4 Educators Birth a Smart Idea; Follow their Advice and Your Kid Might Be Smarter, Too

Words matter. The more of them children hear by the time they’re 3, the better they’ll do in school and life, research shows. "You have to do the language dance," says one of the cofounders of Simply Smart Kids.

From left, Berna Ravitz, Susan Coon, Stacey Sharpe Mollison and Diane Hanaway founded Simply Smart Kids, which offers strategies to help parents improve their children's language and literacy skills. (Photo: SimplySmartKids.com
From left, Berna Ravitz, Susan Coon, Stacey Sharpe Mollison and Diane Hanaway founded Simply Smart Kids, which offers strategies to help parents improve their children's language and literacy skills. (Photo: SimplySmartKids.com

Four current and retired Farmington educators have come up with a plan that’s “Simply Smart.”

And if parents apply the strategies in Simply Smart Kids, a business that coaches them on how to increase both the quantity and quality of their conversations with their kids, their children might be smarter, too, WXYZ (ABC Channel 7) reports.

The four women – Stacey Sharpe Mollison, Susan Coon, Diane Hanaway and Berna Ravitz – raised smart kids who had their pick of colleges because their parents recognized how important it was to develop language and literacy skills at a young age.

But they saw a disturbing pattern developing – the most academically successful students entered school with rich vocabularies, spoke in complex sentence and had a firm understanding of linguistic concepts, according to the Simply Smart Kids web site.

On the other end of the spectrum were incoming kindergartners with weak language skills and behavioral and attention problems. After years of struggling, many of them simply gave up and dropped out.

“You have kids who are really strong, language, vocabulary and you have kids who aren’t and you have this gap,” Mollison, a teacher at Forest Elementary and president of the company, told the TV station. “Well, that gap doesn’t close and that gap over time just exponentially grows and gets bigger and bigger.”

Read more about the fallacy of closing the gap after age 3 >>>

Mollison and her partners in Simply Smart Kids were encouraged by research showing a child’s cognitive development is heavily dependent on parents’ verbal interactions.

Research shows that by the time they are 3, kids who have heard the most words spoken to them do better in school and later in life. The total number of words they’ve heard, not the variety, is what makes the biggest difference.

'Intentional Talk' is the Key

They key, they say, is to go beyond the mundane and necessary talk – “Get down!”, “Come here!” and “No!” – and use more intentional talk.

The more intentional talk – “Look at those colorful leaves falling off the trees,” for example – the better, they say. Its sole purpose is to strengthen an emotional bond with children and nurture brain development.

“You have to do the language dance,” said Coon, a speech pathologist at Wood Creek Elementary, told the TV station “You can’t just talk when you have to talk.”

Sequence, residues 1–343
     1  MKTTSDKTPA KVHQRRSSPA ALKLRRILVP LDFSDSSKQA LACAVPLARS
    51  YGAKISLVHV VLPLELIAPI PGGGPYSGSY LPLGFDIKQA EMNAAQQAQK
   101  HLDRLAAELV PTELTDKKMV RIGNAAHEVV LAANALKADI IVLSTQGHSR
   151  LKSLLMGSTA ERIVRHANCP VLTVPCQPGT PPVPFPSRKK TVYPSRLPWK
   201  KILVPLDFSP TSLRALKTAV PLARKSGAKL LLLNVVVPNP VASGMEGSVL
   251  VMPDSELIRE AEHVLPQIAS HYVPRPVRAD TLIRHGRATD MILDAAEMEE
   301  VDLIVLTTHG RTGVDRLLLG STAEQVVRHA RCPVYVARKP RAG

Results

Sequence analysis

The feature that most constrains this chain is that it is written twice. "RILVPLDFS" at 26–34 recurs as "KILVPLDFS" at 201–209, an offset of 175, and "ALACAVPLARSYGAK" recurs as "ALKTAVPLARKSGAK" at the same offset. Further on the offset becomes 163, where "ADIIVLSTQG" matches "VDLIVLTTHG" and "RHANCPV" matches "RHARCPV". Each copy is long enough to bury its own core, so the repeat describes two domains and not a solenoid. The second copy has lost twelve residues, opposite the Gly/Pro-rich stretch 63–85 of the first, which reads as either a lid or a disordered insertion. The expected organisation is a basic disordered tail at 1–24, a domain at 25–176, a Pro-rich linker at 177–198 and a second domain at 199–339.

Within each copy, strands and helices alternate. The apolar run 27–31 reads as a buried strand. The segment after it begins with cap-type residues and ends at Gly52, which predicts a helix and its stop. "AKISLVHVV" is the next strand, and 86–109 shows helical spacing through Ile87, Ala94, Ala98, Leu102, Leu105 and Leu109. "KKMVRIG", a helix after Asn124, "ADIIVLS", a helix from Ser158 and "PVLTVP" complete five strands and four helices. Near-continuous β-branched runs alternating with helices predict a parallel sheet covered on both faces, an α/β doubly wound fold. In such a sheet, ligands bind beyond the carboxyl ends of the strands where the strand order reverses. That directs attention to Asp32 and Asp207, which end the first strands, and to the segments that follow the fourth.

It became apparent to the four women that schools could only do so much and that children’s first teachers are their parents. That’s when the seeds for Simply Smart Kids were planted.

Their company that coaches parents on how to increase children’s language and literacy skills from birth to age 5 through a strategies known as “Power Tools.”

“It’s not about sitting down with books, and paper and flashcards, it’s about a parent’s language being coached and used when you’re riding in the car, when you’re sitting at the table, when you’re in the grocery store, all times of the day,” Mollison  said in the interview with WXYZ.

'Smarty Bus' Will Take Program to Detroit 

The company is currently earmarking proceeds from its sales for a “Smarty Bus,” a refurbished Airstream camper that will travel to Detroit neighborhoods to offer free literacy-related materials and services for families. Employees will volunteer their time to work with parents and their children to increase literacy skills.

They’ll also provide free consultation with other schools and nonprofits to develop a curriculum to meet the specialized needs of  their communities.

To learn more or purchase the instructional videos, go to SimplySmartKids.com.

Teresa Mask April 02, 2014 at 04:52 PM
Best advice I got as a new mom was not to always talk "baby" to the baby. This is good stuff!
Mary J. Buchan April 03, 2014 at 08:21 AM
Canadian research on pre-school education indicates that children from poorly educated families hear about 29 words per hour. Children from well educated families hear over 1,000 words in the same time period. One of the tragic results for the first group is a lack of vocabulary to express feelings, thus, more violence, depression, acting out. Unfortunately, today's children have to compete with cell phones for their parents' attention. Hopefully, Simply Smart Kids will be wildly successful.


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